Severe Intraoperative Bradycardia during Laparoscopic Cholecystectomy due to Rapid Peritoneal Insufflation.Case Rep Anesthesiol. 2020; 2020:8828914.CR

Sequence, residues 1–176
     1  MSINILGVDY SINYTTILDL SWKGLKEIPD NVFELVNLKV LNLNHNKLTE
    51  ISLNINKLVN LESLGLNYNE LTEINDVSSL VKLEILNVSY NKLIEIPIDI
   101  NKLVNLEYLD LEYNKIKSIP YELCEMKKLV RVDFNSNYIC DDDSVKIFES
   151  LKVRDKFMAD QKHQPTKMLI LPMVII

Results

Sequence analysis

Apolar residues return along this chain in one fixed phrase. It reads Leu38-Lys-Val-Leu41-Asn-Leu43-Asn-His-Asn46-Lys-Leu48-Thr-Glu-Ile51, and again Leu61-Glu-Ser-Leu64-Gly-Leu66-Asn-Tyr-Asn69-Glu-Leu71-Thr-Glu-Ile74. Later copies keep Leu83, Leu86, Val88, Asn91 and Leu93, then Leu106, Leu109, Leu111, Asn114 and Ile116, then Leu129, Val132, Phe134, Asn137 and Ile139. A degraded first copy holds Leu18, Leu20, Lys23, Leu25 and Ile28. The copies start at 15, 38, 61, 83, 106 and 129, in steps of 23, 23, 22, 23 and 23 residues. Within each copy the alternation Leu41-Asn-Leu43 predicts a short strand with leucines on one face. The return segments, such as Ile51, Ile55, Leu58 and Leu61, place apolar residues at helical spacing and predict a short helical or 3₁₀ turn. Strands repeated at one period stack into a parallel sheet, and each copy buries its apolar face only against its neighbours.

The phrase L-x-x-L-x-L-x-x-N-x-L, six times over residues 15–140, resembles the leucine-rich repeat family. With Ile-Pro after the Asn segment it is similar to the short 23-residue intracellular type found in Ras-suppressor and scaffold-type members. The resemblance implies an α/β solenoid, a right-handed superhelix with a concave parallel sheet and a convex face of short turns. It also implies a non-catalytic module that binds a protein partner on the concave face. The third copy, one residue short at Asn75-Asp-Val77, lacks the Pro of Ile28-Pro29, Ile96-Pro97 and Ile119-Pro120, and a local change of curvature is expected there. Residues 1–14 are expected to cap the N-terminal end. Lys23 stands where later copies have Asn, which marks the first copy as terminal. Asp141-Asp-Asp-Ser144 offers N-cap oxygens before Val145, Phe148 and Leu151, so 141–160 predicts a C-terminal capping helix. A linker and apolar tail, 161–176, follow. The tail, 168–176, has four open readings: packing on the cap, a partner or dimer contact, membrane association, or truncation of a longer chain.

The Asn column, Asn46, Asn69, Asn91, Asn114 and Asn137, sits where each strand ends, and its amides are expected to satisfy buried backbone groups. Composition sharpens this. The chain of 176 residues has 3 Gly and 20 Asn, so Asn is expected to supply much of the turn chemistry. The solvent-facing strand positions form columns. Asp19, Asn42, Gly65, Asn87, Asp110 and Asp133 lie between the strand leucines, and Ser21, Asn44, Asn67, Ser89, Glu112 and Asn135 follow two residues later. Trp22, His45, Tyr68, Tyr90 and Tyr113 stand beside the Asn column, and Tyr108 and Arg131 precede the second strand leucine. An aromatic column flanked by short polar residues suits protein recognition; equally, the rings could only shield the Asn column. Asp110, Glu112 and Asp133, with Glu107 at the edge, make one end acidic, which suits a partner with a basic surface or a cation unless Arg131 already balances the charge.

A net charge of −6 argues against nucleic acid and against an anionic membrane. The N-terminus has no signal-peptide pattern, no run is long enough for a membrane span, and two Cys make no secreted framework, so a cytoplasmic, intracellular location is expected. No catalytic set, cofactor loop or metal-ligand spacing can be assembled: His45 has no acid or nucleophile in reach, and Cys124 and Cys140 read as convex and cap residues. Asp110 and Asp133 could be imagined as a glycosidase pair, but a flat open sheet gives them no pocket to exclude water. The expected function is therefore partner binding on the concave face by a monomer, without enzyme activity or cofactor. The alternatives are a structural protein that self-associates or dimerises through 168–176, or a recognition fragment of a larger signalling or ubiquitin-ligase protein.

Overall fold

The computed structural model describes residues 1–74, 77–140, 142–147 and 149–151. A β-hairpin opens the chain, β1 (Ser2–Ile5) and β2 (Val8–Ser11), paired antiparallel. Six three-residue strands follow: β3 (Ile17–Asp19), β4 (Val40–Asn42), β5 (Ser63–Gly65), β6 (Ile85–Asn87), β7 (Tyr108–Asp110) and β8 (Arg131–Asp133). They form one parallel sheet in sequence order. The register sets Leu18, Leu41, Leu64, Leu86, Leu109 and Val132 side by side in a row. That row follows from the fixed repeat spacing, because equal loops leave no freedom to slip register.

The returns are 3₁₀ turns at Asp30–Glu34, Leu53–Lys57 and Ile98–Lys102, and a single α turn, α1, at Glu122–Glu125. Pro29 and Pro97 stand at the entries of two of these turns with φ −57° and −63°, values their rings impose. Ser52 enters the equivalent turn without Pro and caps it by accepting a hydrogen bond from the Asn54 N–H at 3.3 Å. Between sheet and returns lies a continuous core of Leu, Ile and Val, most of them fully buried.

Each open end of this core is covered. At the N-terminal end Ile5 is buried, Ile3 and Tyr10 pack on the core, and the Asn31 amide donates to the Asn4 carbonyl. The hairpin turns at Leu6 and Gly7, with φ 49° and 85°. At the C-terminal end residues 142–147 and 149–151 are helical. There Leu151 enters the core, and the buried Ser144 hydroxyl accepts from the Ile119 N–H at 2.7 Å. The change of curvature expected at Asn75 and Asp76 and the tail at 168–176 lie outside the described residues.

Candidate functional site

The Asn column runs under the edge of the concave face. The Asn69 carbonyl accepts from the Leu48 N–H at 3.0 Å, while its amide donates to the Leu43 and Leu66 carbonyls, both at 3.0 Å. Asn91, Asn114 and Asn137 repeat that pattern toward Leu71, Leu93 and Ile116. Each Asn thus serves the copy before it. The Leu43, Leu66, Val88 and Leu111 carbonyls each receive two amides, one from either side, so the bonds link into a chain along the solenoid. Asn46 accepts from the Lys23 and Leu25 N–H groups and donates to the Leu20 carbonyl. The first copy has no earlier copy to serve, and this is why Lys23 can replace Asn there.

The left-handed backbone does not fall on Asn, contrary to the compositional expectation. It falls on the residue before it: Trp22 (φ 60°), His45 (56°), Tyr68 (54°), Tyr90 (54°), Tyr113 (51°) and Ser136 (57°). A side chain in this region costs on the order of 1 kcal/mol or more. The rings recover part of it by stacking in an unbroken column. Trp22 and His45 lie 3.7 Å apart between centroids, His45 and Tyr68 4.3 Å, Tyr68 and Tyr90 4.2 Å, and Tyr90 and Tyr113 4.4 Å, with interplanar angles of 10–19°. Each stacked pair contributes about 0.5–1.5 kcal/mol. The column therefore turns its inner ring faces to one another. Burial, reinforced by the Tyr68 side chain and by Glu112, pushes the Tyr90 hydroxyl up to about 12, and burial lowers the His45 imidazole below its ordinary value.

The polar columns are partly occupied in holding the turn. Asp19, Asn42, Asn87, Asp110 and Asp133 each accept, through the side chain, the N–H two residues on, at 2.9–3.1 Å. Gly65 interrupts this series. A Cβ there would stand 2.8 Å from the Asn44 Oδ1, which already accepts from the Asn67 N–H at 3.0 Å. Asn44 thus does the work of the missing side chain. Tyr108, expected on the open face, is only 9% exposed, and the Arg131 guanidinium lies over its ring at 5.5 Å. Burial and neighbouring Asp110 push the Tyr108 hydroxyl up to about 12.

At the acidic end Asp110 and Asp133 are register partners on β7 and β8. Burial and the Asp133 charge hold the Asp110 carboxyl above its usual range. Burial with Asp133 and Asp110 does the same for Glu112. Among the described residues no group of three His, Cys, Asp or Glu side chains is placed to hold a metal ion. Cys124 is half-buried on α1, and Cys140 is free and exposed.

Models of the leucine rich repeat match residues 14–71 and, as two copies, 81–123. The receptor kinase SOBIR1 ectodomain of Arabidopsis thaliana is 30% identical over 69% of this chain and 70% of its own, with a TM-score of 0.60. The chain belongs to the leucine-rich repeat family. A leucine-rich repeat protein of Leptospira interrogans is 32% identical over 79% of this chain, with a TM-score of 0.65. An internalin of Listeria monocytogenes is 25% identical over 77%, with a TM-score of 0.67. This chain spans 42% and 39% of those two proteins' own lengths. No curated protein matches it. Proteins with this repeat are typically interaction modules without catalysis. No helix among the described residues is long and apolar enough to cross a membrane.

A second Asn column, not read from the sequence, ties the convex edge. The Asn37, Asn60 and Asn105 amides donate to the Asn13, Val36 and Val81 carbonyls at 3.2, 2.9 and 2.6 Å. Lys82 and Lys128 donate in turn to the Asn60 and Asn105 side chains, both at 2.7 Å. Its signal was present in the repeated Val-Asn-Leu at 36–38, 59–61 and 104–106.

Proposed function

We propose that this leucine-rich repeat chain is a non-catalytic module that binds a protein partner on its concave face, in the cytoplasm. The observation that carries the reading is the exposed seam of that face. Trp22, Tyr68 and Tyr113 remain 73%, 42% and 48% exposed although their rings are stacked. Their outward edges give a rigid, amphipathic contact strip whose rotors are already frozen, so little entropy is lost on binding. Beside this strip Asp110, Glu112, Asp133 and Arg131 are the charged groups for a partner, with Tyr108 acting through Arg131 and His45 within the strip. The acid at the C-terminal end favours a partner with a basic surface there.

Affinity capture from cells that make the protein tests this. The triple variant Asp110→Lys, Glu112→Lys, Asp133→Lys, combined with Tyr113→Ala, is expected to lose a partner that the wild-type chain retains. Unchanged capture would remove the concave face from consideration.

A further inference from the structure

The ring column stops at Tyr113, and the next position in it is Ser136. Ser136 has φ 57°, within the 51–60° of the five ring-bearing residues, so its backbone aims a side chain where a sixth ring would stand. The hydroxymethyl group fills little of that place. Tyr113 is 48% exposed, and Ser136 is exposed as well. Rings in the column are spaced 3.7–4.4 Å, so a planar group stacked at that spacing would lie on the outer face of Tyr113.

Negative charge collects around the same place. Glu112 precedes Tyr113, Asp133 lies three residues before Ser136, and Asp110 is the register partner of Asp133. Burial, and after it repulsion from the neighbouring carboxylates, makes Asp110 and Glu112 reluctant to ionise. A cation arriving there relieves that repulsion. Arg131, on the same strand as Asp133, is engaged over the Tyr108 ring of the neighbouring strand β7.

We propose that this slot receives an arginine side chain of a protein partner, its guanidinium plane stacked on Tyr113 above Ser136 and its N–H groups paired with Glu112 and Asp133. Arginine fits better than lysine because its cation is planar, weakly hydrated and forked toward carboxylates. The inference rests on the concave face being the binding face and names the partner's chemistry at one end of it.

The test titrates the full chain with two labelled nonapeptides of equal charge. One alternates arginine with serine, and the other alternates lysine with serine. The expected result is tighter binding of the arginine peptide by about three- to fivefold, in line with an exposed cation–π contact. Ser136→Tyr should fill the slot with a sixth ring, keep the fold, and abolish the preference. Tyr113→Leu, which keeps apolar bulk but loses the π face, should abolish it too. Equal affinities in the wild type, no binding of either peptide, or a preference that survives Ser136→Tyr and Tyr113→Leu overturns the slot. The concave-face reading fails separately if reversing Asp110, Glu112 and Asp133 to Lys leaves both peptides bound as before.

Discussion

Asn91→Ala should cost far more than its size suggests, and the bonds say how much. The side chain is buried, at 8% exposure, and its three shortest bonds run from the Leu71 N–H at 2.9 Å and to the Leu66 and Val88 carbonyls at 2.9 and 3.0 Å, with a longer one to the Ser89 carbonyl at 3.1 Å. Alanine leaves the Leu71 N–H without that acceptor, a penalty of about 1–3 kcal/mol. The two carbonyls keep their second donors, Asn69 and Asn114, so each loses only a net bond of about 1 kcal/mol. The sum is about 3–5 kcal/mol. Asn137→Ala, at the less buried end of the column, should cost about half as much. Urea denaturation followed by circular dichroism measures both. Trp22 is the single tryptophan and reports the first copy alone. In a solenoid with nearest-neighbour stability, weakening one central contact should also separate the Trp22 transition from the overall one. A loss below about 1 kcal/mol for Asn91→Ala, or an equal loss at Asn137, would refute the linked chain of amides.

Laparoscopy is becoming increasingly popular in gynecological and general surgical operations. There are complications that are inherent to the laparoscopy techniques; amongst them is intraoperative vagal-mediated bradycardia that results from peritoneal stretching. This can occur due to high flow rate of gas during peritoneal insufflation, a practice still happening nowadays. We report a case of a middle-aged hypertensive patient who was undergoing elective laparoscopic cholecystectomy. The patient was assessed more than once preoperatively by the anesthesia team for blood pressure optimization. The patient underwent general anesthesia and developed severe bradycardia immediately after peritoneal insufflation. The management started immediately by stopping the insufflation and deflating the abdomen. Afterwards, atropine was administered intravenously, and CPR was started preemptively according to the ACLS protocol to prevent the patient from progressing into cardiac arrest. She responded to the management and became vitally stable within one minute. After confirming that there was no cardiac or metabolic insult through rapid blood investigations and agreeing that the cause of bradycardia was the rapid insufflation, the surgical team proceeded with the surgery in the same setting using low flow rate of CO2 to achieve pneumoperitoneum. There were no complications in the second time and the operation was completed smoothly. The patient was extubated and shifted to the postanesthesia care unit to monitor her condition. The patient was stable and conscious and later shifted to the wards and discharged on routine follow-up after confirming that there were no complications in the postoperative follow-up. Therefore, it is important to monitor the flow rate of CO2 during peritoneal insufflation in laparoscopic surgery as rapid peritoneal stretch can cause severe bradycardia that might progress into cardiac arrest, especially in hypertensive patients. It is also important for the anesthetist to be vigilant and ready to manage such cases.